Nigeria: Healthcare Project, Gure
Healthcare Project, Gure Q3 2013 Report
September 30, 2013
Rotimi Salau and Jonathan White
Summary of Activities
Continue to upgrade of the existing clinic and managing of the clinic according to RMF/WCF’s global standards, improving hygiene, function and safety as well as standard of medical operations; restore community faith in clinic’s operations.
- Treatment of patients at the clinic, focusing on Malaria, Maternal Child healthcare, and prenatal care and observation
- Maternal and Child Health trainings and outreach being conducted for new mothers
- Immunization of Newborns
- Treatment of Malnutrition cases in village outreach
- Provision of Medical Laboratory services
- Continued purchase and delivery of medicines and medical supplies
- Provision of Dental care services for patients in the community
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Supplies Yield Impressive Results
Numbers up from Previous Quarter
Patient numbers continue to be high with the regular supply of medicines, supplies and lab reagents, now at an average of 675 patients per week.
Asthmatic Patients Breathe Easier
Nebulizing Device Purchased
A nebulizing device to stabilize patients suffering from asthmatic attacks was purchased.
Nigeria has the 4th lowest survival rate of children under five out of 191 countries, a child mortality rate of 140 of 1000, and a maternal mortality rate accounting for 10% of the global burden of maternal deaths.
Real Medicine Foundation has partnered with the Kwara State Ministry of Health, The Nigerian Youth Service Corps and Gure Gwassoro Ward Development Committee to support the long abandoned Gure Model Health Center. Situated near the Nigerian/Benin Republic border, the clinic is the only access to healthcare for a population of 154,376 in the Baruteen Local Government area and its surrounding towns. RMF has been funding facility upgrades, providing medicines, medical equipment, and local staff to increase and strengthen its capacity to deliver best practice western medicine and critical maternal child health care services.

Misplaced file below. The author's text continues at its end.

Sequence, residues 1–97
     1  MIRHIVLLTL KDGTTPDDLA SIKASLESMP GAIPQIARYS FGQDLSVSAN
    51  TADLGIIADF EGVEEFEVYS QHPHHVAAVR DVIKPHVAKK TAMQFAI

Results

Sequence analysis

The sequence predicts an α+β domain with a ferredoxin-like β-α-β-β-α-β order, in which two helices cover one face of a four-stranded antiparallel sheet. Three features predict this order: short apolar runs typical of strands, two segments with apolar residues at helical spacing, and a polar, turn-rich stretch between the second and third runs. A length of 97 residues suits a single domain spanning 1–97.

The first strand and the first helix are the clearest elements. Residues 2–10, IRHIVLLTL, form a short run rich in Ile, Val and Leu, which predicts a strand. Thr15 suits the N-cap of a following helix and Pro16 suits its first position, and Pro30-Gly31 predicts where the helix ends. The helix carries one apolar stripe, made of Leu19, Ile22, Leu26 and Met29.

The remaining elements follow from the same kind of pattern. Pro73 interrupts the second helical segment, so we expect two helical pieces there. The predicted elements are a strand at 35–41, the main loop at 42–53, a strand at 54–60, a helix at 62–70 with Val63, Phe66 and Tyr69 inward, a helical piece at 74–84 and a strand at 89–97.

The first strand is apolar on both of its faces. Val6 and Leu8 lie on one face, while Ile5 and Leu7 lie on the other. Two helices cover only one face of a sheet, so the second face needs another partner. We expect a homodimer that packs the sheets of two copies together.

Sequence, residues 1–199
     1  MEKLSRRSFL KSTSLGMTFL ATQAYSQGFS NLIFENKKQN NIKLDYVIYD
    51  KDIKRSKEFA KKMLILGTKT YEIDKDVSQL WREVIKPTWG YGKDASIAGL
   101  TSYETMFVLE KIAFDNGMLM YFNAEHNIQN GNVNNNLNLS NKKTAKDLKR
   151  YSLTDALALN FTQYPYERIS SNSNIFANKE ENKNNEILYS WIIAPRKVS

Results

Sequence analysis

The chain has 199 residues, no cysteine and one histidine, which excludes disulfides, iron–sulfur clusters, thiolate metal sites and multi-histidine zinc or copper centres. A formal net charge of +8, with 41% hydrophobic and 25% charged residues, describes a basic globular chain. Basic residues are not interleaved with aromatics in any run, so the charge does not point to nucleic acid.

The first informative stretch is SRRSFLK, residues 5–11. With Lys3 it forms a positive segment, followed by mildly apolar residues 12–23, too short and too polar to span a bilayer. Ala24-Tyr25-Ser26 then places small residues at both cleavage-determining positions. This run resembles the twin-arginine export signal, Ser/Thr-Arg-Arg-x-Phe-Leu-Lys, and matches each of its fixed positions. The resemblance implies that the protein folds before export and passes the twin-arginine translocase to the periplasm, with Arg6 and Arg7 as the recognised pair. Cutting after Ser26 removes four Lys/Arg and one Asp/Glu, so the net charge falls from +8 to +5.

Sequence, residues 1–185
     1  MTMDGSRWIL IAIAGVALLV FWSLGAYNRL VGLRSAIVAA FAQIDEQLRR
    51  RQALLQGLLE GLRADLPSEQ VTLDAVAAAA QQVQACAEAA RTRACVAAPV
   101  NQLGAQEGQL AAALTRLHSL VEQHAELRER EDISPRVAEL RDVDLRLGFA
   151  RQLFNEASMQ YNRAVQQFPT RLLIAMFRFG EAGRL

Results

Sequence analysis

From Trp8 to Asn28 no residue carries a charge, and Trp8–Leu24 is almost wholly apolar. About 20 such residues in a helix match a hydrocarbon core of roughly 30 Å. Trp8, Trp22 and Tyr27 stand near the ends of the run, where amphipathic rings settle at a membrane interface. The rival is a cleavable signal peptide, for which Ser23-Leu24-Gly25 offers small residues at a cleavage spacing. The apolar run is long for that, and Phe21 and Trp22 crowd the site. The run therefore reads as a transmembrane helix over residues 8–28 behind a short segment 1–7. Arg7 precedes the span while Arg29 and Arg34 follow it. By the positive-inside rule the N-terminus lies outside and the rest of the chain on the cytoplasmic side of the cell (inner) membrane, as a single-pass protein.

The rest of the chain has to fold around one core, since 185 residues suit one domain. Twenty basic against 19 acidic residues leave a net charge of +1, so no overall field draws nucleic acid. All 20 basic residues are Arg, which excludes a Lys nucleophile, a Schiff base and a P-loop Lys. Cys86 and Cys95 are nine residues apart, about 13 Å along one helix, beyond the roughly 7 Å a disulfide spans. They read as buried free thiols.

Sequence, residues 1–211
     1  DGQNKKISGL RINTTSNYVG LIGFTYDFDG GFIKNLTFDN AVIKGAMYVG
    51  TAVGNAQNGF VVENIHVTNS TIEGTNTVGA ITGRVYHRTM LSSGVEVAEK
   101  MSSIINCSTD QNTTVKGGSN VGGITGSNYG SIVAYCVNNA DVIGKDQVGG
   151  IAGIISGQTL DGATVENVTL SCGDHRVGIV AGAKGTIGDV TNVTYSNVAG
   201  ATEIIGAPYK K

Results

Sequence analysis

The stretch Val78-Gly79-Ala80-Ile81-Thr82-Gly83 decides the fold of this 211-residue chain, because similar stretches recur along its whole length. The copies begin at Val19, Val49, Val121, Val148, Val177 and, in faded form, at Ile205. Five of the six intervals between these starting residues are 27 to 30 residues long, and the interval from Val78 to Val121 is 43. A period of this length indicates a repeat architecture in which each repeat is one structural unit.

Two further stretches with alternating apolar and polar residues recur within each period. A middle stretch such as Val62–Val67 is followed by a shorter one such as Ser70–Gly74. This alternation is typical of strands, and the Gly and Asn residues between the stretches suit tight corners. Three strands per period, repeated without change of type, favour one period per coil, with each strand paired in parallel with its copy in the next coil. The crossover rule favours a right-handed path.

- Human capacity building and upgrade of the clinic for better health care delivery
- Provide regular medicines and medical supplies to the clinic
- Provide support to existing medical personnel
- Investigate solar electrical supply
- Borehole for drinking water and water to clinic
- Review urgent needs to increase the quantity of patients treated and quality of treatment
- Prepare larger project quotes for capacity improvement (solar power/ borehole drilling)
Q3 Report, 2013
8,094 patients treated
increase of 170 patients from Q2
2,718 patients aged 5 and under
Duwerat Suleima traveled from Kuburufu village, 8km away from Gure, with complaints of labor pains. On examination, Duwerat Suleima’s abdomen was enlarged and fundal height was 36.52 in size; she was afebrile, anicteric, not pale, not dehydrated and not in painful distress. There was a single fetus in longitudinal and cephalic presentation. Descent was 55 and fetal heart sounds were heard and regular. Vaginal examination revealed a soft anterior, fully effaced cervix which was about 6cm dilated and station was at 0+2. It was determined that the patient was in active labor. Duwerat Suleima subsequently delivered a 2.9kg male baby who cried well at birth. She was subsequently placed on 500mg of Armpiclox capsules for five days, Fersolate, Vit B complex, and received Paracetamol for pain.
Anifat Ibrahim, a 2-month old boy, presented to our clinic with fever and dehydration due to severe diarrhea and vomiting; he also presented with distended abdomen, but was not jaundiced. Anifat was diagnosed with acute gastroenteritis and an upper respiratory tract infection. He received the following treatment and fully recovered:
➢ I.V. Quinine in 10% Dextrose, 10mI/kg over 4 hours slowly, followed by Quinine Syrup orally
➢ Flagyl Syrup, 10mI 3x 5/7
➢ Multivitamins 5mI 3x daily 5/7
➢ ORS, 100mI 2hourly
Rasheed Jimoh, a 6-month old boy, residing 6km from Gure town, was rushed into our clinic on account of serious weakness of his body and loss of appetite. On examination at presentation, he was severely pale, febrile, though anicteric and not dehydrated. He weighed only 4.5kg (60% of expected weight for his age). Rasheed’s respiratory rate was 22 per minute and air entry was reduced bilaterally. His abdomen was distended and moved with respiration.
A diagnosis of bronchopneumonia and severe malnutrition was made. Rasheed was transfused with 15ml/kg of sedimented cells (67.5ml) under 1ml/kg (4.5ml) Lasix cover. He was also given a 200mg injection of Paracetamol, 200mg I.V. Xtapen, 1ml/6h for 5 days, followed by oral medication. Rasheed’s mother was also advised and educated on malnutrition rehabilitation for her child at our clinic.
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